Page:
Countries can effectively combat the illegal exploitation of forests with the help of criminal justice systems, suppress organized crime and trace and confiscate unlawful gains from the felling of trees.
Indeed, every two seconds, a forest area comparable to the size of a football field is bleeding blank in the world by timber harvesters operating illegally. Entitled ‘ Justice for the forests: strengthening the fight against illegal logging criminal justice systems ‘, the report stresses that, to carry out effective action, law enforcement crime must investigate beyond small criminals and endeavour to identify the recipients of profits from illegal logging. By following the money trail and using the tools developed in some 170 countries to look for ‘dirty money’, criminal justice may pursue criminal organizations that engage in large-scale illegal logging operations and confiscate ill-gotten gains.
According to World Bank estimates, illegal cuts represent up to 90 percent of all logging activities in some countries and produce between 10 and 15 billion dollars in illicit revenues per year. These capital, mainly controlled by organized crime, tax-escape and used to pay bribes to corrupt officials at all levels of the administration.
The report today contains advice on action as well as operational recommendations for managers of public action and the management of forests and the application of the Act. The objective is to help integrate the question of the illegal exploitation of forests in criminal justice strategies, to promote national and international cooperation among public policy-makers, agencies responsible for the implementation of the Act and other relevant stakeholders, and to better exploit the available financial information.
‘We must fight organized crime in the field of the illegal exploitation of forests in the same way as we fight the criminals who sell drugs or engage in extortion,’ says Jean Pesme, head of the unit for the promotion of the integrity of the financial markets to the World Bank, whose mission is to help countries to implement legal frameworks and operational effective to fight illegal financial flows.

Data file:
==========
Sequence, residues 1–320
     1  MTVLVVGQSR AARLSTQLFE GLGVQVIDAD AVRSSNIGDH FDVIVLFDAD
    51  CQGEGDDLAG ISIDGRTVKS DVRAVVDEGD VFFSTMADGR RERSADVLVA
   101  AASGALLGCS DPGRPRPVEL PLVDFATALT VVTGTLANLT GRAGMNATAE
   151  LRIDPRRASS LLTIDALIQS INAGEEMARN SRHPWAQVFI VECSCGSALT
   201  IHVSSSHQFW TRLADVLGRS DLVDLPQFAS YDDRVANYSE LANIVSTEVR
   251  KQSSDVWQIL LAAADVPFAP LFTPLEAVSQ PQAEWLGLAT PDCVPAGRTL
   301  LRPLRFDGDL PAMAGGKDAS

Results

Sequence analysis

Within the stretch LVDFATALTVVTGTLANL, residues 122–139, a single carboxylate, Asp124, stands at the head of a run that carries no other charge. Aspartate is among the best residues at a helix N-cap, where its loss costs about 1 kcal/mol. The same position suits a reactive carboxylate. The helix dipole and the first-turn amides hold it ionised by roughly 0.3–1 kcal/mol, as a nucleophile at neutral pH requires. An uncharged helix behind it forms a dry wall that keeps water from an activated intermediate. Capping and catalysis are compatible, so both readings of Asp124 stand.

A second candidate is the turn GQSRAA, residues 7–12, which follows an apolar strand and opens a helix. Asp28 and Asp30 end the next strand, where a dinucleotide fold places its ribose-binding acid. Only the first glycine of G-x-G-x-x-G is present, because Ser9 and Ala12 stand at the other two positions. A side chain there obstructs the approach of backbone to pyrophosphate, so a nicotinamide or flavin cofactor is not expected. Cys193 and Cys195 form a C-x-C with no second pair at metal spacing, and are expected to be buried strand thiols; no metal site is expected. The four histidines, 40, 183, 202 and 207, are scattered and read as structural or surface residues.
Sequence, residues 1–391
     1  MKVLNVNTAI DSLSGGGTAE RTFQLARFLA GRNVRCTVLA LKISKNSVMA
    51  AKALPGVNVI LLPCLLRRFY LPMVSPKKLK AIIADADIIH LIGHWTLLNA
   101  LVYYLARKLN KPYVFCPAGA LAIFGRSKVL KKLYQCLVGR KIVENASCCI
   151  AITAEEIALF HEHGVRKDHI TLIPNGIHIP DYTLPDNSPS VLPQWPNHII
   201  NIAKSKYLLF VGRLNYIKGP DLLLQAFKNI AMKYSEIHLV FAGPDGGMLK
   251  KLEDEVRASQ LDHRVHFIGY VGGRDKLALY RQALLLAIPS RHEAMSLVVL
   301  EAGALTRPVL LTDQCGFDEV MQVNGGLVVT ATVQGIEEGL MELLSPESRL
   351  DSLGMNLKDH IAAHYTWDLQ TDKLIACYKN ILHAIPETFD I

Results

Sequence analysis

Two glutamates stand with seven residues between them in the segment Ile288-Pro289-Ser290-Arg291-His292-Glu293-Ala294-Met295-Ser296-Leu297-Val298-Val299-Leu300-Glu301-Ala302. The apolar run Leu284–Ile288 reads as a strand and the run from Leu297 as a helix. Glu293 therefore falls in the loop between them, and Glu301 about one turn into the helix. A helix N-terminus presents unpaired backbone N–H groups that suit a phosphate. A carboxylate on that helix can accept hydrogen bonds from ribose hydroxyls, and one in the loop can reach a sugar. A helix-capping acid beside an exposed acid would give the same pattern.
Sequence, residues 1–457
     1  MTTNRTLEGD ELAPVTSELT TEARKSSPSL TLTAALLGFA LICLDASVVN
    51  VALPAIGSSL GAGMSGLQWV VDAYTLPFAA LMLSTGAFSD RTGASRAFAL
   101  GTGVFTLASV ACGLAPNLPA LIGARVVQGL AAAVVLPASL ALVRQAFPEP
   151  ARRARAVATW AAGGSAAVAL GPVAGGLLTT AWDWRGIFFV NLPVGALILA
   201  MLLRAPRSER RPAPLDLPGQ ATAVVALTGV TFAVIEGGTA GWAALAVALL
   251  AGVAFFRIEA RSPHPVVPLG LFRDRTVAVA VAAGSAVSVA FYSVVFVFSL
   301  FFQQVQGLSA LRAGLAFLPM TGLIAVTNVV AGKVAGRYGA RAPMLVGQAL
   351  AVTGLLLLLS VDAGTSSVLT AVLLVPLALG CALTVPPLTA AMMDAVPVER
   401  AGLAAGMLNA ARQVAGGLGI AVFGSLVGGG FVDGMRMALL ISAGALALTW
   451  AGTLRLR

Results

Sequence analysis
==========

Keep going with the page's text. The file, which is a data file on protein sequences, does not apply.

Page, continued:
Despite overwhelming evidence showing that illegal logging is a global epidemic, most forest crimes unnoticed, are not reported or are ignored. Furthermore, the assessment of illicit profits generated by these offences does not account of the huge environmental, economic and social cost of these: threats to biodiversity, increase in carbon emissions, negative impact on the livelihoods of rural populations and enrichment of the criminals at the expense of the poor.
‘ It is essential to take preventive measures against the illegal exploitation of forests, but we also know that this is not enough ‘, says Magda Lovei, sector head at the World Bank. « Once implemented, the recommendations of this report can have the powerful deterrent effect which is lacking in many measures taken against loggers operating illegally ‘.
Organized crime networks that are behind the large-scale illegal slaughter operations participate in the corruption of the highest echelons of the State. Investigation on forest offences are also complicated by the international dimension of these operations. Aware of these difficulties, the authors of the report recommend focus the actions of repression on the ‘brains’ that lie behind these networks as well as the corrupt officials who protect them and allow them to carry out their activities.